The Ides of March (Latin: Idus Martii or Idus Martiae) signifies the date of March 15th on which the Pontifex Maximus (Pope) of Rome, Julius Caesar was assassinated at a meeting of the senate in the year 44 BC. His killers had been composed of approximately 60 Roman Senators who had conspired with the leaders of the murder plot, Cassius and Brutus. Caesar was stabbed a total of 23 times, which ultimately led to his death.
The murder of Julius had occurred shortly after the Roman Senate had named Caesar dictator perpetuo (“dictator in perpetuity”). Essentially making him the King (Rex) of Rome. Coins called ‘denarius’ were minted in his honor, with his likeness on one side, and with an image of the goddess Ceres and Caesar’s title of Augur Pontifex Maximus on the reverse. He received these honors in the year 44 BC in the Temple of Venus Genetrix, and rather than rising to meet those who were honoring Julius, he defiantly remained seated.
Although the Senate declared Julius Caesar dictator in perpetuity which essentially made him a king and Rome no longer a Republic, there were many Senators who had secretly despised this new title for Julius. The thought of Caesar becoming the defacto king of Rome was incomprehensible to them. This great divide in the Senate later turned into a conspiracy to kill Julius in order to prevent him from ruling over them as a king.
One of Julius Caesar’s killers was Brutus who also happened to be his own son, and he was only 15 years his junior. The name Brutus is derived from the Latin word Bruttii which means ‘rebels.’ When Caesar was being attacked on the Senate floor, it is said his son Brutus was the last man to stab his father, and which may have been the wound that had killed him. When Julius had saw his own son as being one of his assassins, he had said, ‘And are you among them, my son?’
The son of Julius Caesar, Brutus was now well known as a rebel murderer who had fled Rome to the country of Gaul, which is now modern day France. It was in Gaul, where Brutus had tried to govern and plan his defense against the Romans. However, later his plans and governorship would begin to fall apart for various reasons, and his own army began to rebel. Rather than be killed by his foes, Brutus had chosen to commit suicide by throwing himself on the point of his sword and thus dying at age 44. The same age of the death of his father Julius.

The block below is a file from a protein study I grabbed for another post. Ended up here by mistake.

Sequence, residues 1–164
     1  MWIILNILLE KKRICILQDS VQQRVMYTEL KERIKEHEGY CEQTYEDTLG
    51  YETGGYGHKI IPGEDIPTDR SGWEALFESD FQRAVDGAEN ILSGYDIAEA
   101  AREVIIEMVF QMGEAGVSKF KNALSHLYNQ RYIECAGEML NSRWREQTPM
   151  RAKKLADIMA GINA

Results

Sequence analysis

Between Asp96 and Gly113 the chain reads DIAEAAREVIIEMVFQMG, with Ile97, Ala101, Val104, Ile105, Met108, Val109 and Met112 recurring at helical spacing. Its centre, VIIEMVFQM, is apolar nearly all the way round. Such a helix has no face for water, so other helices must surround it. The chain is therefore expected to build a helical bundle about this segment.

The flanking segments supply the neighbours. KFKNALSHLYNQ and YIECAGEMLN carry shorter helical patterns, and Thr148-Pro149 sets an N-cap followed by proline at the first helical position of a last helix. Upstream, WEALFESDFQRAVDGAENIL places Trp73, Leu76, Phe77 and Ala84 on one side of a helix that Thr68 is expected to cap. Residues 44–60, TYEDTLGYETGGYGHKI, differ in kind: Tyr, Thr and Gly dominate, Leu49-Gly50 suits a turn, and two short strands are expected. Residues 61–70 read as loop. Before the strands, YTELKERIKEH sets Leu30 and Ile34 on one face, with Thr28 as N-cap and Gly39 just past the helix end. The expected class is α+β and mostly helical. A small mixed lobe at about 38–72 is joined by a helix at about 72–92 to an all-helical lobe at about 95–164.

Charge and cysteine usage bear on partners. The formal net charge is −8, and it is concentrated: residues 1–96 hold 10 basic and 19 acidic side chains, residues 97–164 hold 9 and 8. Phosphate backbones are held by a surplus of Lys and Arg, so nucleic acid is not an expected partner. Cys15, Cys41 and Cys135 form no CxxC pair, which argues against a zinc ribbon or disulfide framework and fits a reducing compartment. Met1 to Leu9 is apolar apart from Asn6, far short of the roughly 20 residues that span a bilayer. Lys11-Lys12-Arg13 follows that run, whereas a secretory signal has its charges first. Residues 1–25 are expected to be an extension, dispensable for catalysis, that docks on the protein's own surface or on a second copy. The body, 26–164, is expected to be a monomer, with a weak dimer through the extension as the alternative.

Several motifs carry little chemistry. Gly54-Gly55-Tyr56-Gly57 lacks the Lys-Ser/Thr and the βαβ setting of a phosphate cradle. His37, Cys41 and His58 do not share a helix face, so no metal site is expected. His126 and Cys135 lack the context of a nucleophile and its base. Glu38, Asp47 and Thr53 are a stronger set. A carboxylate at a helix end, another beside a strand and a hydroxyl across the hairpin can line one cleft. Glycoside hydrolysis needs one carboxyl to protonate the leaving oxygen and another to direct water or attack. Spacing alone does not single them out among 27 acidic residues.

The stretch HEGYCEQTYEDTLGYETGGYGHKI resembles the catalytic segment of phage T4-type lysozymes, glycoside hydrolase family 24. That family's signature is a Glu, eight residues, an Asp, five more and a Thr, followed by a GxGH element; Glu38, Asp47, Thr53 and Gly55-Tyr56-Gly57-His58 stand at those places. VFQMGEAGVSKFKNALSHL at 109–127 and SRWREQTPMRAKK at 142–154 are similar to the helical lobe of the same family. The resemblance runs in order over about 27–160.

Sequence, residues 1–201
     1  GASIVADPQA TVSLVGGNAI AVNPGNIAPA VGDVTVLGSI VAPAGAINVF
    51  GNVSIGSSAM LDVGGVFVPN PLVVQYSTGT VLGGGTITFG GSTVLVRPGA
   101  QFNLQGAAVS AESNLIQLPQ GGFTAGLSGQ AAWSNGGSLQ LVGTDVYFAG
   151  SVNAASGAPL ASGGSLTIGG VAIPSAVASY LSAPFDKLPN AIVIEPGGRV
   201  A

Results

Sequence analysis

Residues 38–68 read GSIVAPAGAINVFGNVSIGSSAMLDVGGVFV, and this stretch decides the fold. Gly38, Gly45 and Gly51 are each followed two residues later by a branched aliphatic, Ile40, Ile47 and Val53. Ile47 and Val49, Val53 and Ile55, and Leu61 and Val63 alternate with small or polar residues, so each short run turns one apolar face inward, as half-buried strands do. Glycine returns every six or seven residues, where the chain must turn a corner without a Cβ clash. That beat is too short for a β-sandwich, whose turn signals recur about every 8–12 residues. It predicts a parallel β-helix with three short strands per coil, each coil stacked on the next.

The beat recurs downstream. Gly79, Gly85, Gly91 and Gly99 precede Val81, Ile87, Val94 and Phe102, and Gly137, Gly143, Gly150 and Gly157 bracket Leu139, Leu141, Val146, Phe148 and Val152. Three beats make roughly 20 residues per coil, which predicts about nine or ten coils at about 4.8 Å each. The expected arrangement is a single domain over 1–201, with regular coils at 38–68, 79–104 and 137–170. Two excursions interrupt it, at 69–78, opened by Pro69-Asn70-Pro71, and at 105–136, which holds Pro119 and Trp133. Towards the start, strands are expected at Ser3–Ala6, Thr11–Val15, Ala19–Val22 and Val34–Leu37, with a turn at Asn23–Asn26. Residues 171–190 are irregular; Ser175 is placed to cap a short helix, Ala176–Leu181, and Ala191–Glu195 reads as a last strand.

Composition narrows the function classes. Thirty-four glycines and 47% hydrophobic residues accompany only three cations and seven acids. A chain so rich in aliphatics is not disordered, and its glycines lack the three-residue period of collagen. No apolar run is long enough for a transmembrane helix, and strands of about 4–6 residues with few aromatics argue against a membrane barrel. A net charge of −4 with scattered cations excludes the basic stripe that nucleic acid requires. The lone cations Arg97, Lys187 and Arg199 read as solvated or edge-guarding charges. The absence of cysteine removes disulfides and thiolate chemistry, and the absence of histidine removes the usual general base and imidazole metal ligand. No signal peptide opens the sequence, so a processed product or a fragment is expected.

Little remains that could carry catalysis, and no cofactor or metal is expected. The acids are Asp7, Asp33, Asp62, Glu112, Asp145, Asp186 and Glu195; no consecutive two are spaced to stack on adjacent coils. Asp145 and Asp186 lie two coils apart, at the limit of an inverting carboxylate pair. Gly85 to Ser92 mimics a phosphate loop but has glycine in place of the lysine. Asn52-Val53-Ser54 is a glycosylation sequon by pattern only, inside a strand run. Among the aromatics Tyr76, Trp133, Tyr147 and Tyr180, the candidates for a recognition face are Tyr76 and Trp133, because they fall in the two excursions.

JULIUS IS DECLARED GOD, AND AUGUSTUS THE SON OF GOD
Julius Caesar had said during his lifetime that his father was Jupiter and his mother, Venus. He was a high priest in the Priesthood of Jupiter, and also the last Pontifex Maximus (Pope) of the Roman Republic in the 5th Age. Jupiter was known in Rome as Jove and was the most worshipped Roman God. The death of Julius signified the ending of the 5th Age under the Old Testament (Old Law), and the beginning of the 6th Age. An Age in which one of his sons, Octavian Caesar would become the first official Pontifex Maximus (Pope) of the 6th Age after conquering the Greco-Egyptians in 8AD. A date thereafter, that the whole world would be subject to the Roman Julian calendar, and the law of the Caesars which would be upheld by the Pope who is the Vicar of Christ. Octavian would then change his name to Augustus meaning “great or venerable.”
After the death Of Julius Caesar, he would be known as “Divus Iulius” (Latin for “Julius is God”), and his son Augustus would become Divi Filius (Latin for the “Son of a God”) because he had brought in the Age of Pax Romona. These Latin names for the Father Caesar and Son were ordained first after Julius Caesar by his senatorial consecration as Divus Iulius in 42 BC; the dictator perpetuo bore the posthumous name Imperator Gaius Iulius Caesar Divus (IMP•C•IVLIVS•CAESAR•DIVVS, best translated as “Commander [and] God Gaius Julius Caesar”), which is mostly given as his official historical name.
SACRIFICING HUMANS TO JULIUS CAESAR OR THE IDES OR MARCH:
When Octavian had become Pontifex Maximus and Roman Emperor, he had commissioned an altar to be erected in honor of Julius Caesar in Rome at the Campus Martins. It was at this altar in the Ides of March, when after Octavian Caesar had subdued Mark Antony (L. Antonius), he had ordered the 300 senators and knights found guilty in the conspiracy of the murder of his father to be sacrificed at the altar of Julius. From this time thereafter, it was said a Greek man and woman would be sacrificed at Ides to honor Julius by the flamen of Mars.
The death of Julius Caesar would forever be immortalized on the Julian calendar, honoring Julius Caesar as a God by the advent of an official Roman Holiday that would be celebrated on the anniversary of Caesar’s death now known as the Ides of March. Other months would be included as the Ides occurring on the 15th day of various months throughout the year such as May, July, and in the month of January, Ides would be celebrated on the 13th.